Recently there has been revived interest in ‘reiving’ families, encouraged no doubt by family historians eager to trace their roots. My mother, seeing her maiden name of Tait listed in our local museum, was keen to purchase a beautifully illustrated history of the family, until she read of their exploits. Taits were infamous on the North March, as were Rutherfords (grannie’s surname), for all the wrong reasons. The Privy Council of Scotland drew up an official ‘black list’ of reiver surnames: Armstrongs, Batesons/Beatties, Bells, Burns, Charltons, Crosiers, Dodds, Elliots, Forsters, Glendinnings, Hendersons, Hetheringtons, Irvines, Johnstones, Kerrs, Littles, Lowthers, Maxwells, Musgraves, Nixons, Pringles, Robsons, Routledges, Rutherfords, Scotts, Storeys, Taits, Trotters and Thomsons. Thieves and vagabonds ‘of great clans who encourage obstinacy’.

Further Reading:

The Reivers, by Alistair Moffat

The Steel Bonnets, by George Macdonald Fraser


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Putting an end to the old and giving warm welcome to the new…

On New Year’s Eve we embarked on an extraordinary journey into our pagan past. We went to watch an ancient festival called the Tar Bar’l (many spellings but it’s basically barrel in dialect) which takes place in Allendale, a small village hidden in wildest Northumberland.

We had no hesitation in joining the merry crowd spilling onto the streets from various village pubs lining the streets around the broad, village square. Being New Year’s Eve every adult had a (plastic) beer glass in hand and by eleven thirty most were well-whetted with fine local ale. The loud, persistent beat of a single drum added to our sense of expectation and suddenly plumes of golden smoke spewed above our heads as the bar’ls were lit. A brass band began to play, then yellow-coated stewards parted the crowd just moments before the procession marched through – not that you would choose to get in their way – and the acrid smell of burning tar and paraffin filled our every breath.

We watched transfixed as forty men paraded past with barrels of raging fire spewing from their heads. And some darkly primitive sentiment seems ignited by this pagan rite of fire. People fell silent as their mood changed and the whole scene became supercharged with danger. Yet there was a sense that something immutable was taking place – like the sacred moment when a child is christened or a marriage sanctified, or a king anointed with oil!  


Only Allendale men are allowed to bear the burden of carrying barrels full of burning tar on their heads! Some of the ‘guisers’ wear costumes which have been passed down father to son for generations. Others wear fancy-dress based on characters from films, such as Beetlejuice, or Smurfs (of which there were many). And the band parading behind them serenaded with well-known tunes such as T’ Blaydon Races.

When the procession has completed its tour the barrels are ceremoniously thrown onto a huge bonfire, and the shout goes up, ‘be damned to he who throws last’. Then everyone involved hurries back inside the pubs while we in the streets stand watching the blaze. Astonished, dumbfounded, uplifted, engrossed…..it’s impossible to describe how I felt, but I know I found it compelling. 




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Two Kings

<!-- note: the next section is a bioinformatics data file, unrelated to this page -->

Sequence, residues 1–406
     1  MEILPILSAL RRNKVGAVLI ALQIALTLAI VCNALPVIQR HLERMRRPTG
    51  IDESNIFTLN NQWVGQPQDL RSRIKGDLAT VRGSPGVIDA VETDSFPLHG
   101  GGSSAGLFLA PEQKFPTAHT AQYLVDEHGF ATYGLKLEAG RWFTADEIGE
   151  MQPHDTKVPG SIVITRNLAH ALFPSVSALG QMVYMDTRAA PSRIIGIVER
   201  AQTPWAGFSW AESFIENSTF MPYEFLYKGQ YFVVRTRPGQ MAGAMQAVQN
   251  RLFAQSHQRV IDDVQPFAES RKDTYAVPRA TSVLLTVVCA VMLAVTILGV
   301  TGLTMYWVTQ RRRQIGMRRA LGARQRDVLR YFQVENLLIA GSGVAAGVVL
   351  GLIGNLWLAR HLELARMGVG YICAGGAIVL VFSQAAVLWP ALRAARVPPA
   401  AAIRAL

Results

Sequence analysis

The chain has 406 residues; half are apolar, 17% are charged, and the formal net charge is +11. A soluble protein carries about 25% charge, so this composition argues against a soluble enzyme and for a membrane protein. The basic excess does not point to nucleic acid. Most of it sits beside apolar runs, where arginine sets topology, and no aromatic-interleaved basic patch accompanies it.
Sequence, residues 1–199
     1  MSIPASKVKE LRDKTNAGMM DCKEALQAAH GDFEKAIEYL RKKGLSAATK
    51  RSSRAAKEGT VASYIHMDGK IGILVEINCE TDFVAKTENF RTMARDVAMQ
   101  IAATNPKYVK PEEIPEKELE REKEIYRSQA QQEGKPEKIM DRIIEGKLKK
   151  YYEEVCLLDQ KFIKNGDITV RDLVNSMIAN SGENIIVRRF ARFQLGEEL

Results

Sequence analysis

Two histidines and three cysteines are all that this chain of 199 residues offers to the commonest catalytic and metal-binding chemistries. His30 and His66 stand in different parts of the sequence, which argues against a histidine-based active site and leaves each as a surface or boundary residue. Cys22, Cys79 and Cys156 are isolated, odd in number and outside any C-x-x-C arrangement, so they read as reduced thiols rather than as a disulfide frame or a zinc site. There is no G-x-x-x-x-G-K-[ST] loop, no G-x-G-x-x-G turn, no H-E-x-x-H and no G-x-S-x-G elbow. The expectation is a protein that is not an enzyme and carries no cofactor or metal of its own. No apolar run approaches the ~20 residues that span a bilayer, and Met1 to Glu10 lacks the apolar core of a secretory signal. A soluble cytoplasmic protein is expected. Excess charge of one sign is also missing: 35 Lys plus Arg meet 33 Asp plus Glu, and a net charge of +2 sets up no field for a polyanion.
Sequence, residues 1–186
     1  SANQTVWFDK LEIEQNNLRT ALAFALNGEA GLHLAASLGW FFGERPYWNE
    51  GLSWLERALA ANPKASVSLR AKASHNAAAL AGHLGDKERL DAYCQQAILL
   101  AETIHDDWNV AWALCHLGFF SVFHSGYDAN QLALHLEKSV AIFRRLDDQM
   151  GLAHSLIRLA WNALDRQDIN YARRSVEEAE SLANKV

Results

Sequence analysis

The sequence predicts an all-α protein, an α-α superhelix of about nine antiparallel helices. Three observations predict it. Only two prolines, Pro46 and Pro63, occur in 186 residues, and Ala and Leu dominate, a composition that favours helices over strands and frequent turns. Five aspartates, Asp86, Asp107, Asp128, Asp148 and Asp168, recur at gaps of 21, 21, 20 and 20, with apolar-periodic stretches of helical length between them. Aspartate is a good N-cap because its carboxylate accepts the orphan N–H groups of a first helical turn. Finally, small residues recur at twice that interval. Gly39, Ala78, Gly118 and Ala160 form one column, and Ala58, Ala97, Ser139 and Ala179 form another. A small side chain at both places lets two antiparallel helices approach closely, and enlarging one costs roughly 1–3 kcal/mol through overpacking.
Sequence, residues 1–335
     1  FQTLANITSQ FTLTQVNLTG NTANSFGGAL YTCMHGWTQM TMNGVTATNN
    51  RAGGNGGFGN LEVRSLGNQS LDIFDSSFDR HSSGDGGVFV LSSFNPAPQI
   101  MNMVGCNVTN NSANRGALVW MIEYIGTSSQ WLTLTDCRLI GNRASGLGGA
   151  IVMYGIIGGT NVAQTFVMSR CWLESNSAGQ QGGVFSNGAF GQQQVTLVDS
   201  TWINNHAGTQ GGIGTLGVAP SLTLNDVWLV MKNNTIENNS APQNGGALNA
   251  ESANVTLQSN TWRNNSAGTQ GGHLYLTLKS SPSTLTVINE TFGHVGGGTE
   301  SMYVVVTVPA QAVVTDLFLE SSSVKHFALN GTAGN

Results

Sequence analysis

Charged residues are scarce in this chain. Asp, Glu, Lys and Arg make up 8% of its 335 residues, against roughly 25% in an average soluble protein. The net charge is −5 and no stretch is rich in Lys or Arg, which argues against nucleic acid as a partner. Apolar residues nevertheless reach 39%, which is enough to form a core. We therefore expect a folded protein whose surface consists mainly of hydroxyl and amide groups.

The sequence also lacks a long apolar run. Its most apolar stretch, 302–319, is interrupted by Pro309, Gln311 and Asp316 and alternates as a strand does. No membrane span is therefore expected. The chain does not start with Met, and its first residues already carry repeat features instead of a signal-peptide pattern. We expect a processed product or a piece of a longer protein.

Two Kings

Where did you see this star?

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December 18, 2013 · 1:10 pm

I believe in magic

 I love the magic of Christmas. But like anything magical it’s impossible to predict or prescribe. We can decorate the house and garden with glittery ornaments and twinkling lights but we can’t make the magic appear. Yet sometime during the heady season of panic, when there is more to do than there are hours in the day, there’s a special moment when something seen or said or done ignites the wonder, the magic, of Christmas.


Of course expectations are high. Christmas is formed through family traditions, heavily seasoned with memories and nostalgia. No wonder the magic is elusive. And it’s sparked by something different every year, despite the careful rituals, tangled inside the busy bustle obligatory to the season, between shopping and wrapping presents and writing cards and making lists and checking them twice.  


It’s also my experience that magic manifests itself through means which might, to others, appear mundane; a scene in a movie not seen for years; a forgotten piece of music; words from a song; an unexpected phone call, or letter, from a friend. If I could explain what triggered the magic I might know how to attract it. All I know is that something wonderful happens when the sparkle of magic ignites into Christmas.


My first experience of spine-tingling magic happened when I made my debut in pantomime. At the age of eight I was memorably cast as a Christmas pudding. All the role required was to walk on stage as a big, round pudding then tug a cord which allowed the top to open and reveal the pudding had been magically transformed into a little girl. I’m not sure how the cord got knotted, it always ran smoothly during rehearsals, but I wriggled and shook until I managed to squeeze out through the bottom, to tumultuous applause (and my one and only encore).


Later, as an apathetic art student, it was ‘cool’ to deny the sense of anticipation as the final week of winter term exploded into ‘Xmas’ parties. But I remember walking home by moonlight on Christmas Eve, in the wee small hours, and it began to snow for the first time in years. Soon big, white flakes lay thick on the ground and silhouetted against a window I caught sight of a small child jumping up and down with sheer delight. In that moment I realised it doesn’t matter what or where or when or how, you just have to believe, whether you are eight or eighty.


I hope the magic of Christmas stays with me forever. I accept remembrance of past happiness weighs heavily upon the present, and the coming together of family and friends also brings sadness for those no longer here to share our celebrations, but we hold them in our hearts as part of our collective memory of what Christmas means. And now I’m a grandmother I’ve discovered nothing can be more magical than seeing Christmas through my grandchildren’s eyes.